(GLOBAL STUDY MAGAZINE 2.2)
(The following was published in Global Study Magazine in 2004 and appeared as a pdf on the CESL website at http://www.siu.edu/~cesl/teachers/pages/leverett/pdf/midwest.pdf until it was restored here)
Thomas Leverett explains why the charming Midwest should be considered as a study destination
One of the first things you notice about the Midwest U.S. is the weather: it’s somewhat extreme, and it changes quickly. The Midwest covers a large area, roughly from Ohio to Nebraska, Kansas and the Dakotas, and this is pretty much true everywhere. Thunderstorms wake you up; an occasional tornado will scare you until you learn how to handle them. People talk about the weather a lot. That’s partly because everyone has the weather in common, but also partly because it’s never boring. And some days you’ll be glad to be inside studying; others are so beautiful, you leave your work behind and go out in them. The Midwest is genuinely hospitable to visitors; it’s less crowded than the rest of the country, and, perhaps because it is made up of traditionally farm areas, it has always needed and welcomed its visitors. Most travelers aren’t so thrilled about the scenery; it’s rolling farmland, with forests here and there, no mountains, no sea, no ocean. But life is comfortable, and people like that. There isn’t much traffic; prices are reasonable, people know you at the local grocery store, and people have time to talk. My town is like that, so I have very little to show my relatives when they visit, but they like visiting anyway, since some people know them now, even after they only visited once, several years ago. They can sense that life is comfortable here, and they relax a little. The area has a wide variety of places; Chicago is a stunning city, but even the smaller cities, like Cleveland, St. Louis, Kansas City, or Minneapolis, have their charm and character. The Mississippi River and many other rivers flow through, carving pretty wooded hills around the area; the Great Lakes provide the feeling of a large body of water, without the danger or the salty smell of the ocean. Wherever you go, you’ll find interesting and different things to see, and you’ll find a way to get there, though it may not be as easy as you think, especially in winter. As in the rest of the U.S., people drive a long way to get to places; New York is two days away from my town by car; California is three or four. Public transportation is difficult, especially in the smaller cities, and many students feel that they really need a car. But cars and car expenses (gas, license, etc.) are cheaper than in most places, so you may find that getting a car yourself, even as a student, is possible, even if it’s not necessary.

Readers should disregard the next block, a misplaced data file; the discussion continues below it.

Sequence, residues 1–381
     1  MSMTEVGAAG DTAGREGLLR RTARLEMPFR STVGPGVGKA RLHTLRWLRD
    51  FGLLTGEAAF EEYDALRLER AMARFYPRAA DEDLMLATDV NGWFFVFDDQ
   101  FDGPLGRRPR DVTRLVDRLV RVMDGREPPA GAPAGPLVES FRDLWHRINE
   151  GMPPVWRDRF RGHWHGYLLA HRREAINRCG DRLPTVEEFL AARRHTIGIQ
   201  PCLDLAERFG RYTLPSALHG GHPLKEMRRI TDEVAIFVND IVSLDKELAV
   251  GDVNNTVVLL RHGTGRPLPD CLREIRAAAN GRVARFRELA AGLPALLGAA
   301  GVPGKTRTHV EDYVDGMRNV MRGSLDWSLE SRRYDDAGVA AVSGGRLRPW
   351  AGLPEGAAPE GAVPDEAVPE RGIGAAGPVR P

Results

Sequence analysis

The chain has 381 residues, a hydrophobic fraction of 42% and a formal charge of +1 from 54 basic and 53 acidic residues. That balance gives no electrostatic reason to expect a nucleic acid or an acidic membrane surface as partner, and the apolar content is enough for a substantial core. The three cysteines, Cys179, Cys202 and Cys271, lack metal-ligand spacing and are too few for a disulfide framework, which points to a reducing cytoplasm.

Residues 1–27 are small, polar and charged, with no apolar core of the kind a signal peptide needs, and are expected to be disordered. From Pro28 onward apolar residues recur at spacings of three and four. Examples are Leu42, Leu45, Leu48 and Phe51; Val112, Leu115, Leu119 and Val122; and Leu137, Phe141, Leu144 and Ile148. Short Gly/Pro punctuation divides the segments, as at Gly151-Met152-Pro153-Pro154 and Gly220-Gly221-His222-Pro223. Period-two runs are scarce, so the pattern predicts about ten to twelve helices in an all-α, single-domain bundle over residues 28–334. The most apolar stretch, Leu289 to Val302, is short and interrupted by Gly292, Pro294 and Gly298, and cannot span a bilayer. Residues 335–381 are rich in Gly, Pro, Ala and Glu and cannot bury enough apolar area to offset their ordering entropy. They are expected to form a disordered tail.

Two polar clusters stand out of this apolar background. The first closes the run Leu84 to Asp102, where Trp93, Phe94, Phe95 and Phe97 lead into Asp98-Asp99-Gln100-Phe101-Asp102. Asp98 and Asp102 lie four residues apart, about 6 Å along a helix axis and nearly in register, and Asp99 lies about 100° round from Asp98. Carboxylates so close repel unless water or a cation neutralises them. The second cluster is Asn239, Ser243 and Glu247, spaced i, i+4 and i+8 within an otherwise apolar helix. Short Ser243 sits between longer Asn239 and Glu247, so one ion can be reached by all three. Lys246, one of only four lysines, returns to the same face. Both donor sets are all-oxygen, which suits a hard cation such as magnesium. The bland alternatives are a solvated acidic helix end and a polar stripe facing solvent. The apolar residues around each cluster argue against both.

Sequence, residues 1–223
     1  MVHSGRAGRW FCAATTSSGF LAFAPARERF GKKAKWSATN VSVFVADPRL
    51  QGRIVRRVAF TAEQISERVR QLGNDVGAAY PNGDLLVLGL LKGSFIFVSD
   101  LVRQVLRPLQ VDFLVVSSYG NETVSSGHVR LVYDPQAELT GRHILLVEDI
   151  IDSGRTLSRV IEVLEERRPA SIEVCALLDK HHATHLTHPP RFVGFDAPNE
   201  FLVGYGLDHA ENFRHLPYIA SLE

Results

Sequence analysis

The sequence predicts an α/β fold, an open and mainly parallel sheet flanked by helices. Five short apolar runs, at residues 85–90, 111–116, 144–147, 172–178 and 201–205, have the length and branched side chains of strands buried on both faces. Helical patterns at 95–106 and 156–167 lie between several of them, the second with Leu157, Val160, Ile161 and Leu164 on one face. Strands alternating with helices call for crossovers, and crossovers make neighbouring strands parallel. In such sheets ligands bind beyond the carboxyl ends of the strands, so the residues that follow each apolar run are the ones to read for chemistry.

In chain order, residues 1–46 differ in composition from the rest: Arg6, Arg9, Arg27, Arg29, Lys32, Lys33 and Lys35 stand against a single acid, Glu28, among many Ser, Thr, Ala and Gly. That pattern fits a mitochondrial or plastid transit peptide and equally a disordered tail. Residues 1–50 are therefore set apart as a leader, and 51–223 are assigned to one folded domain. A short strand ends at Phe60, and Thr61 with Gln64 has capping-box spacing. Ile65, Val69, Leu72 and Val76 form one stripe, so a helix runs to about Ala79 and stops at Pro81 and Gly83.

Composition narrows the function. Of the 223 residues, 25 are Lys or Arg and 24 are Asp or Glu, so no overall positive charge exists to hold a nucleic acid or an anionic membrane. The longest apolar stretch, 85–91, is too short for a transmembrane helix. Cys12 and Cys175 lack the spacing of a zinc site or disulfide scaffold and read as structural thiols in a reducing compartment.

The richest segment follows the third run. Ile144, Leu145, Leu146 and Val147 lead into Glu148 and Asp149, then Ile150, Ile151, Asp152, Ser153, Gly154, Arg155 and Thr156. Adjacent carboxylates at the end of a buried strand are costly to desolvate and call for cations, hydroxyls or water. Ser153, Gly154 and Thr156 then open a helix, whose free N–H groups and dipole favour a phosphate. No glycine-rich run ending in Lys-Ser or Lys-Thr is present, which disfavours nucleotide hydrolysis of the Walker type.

Some come to the Midwest because the universities are good, and relatively cheap compared to those on the coasts; the cost of living is better too. Other people move around the U.S. a lot, and stop here, as I did, because the pace of life is easier, people are friendlier, and life is easier to manage than in other places. I have learned to live without the ocean, the fresh seafood, and the high life of the big cities, but that’s because I have concluded that it’s better to live a good life most of the time, and see sights on your vacations, than to live in a more spectacular place, but have trouble making a living, and still not see much. My friends in the Midwest travel more than my friends on the coast; they’ve seen more of the vast and beautiful country, because they’re in the middle of it. And that perspective can be important when you get to know them.
We have seen many visitors over the years; some have stayed, and most of those who returned remember their visit well. When I ask them what they liked the best, it’s not the scenery, the seafood, or the nightlife, though we have some of that. It’s the people. They made friends here; they had fun here, and they remember it well. They would love to return, and when they do, they’re generally happy to find that it hasn’t changed too much; there’s still very little traffic; people may still remember them; the weather still changes dramatically and regularly, and people they know are still talking about it.
"Some (students) come to the Midwest because the universities are good, and relatively cheap compared to those on the coasts"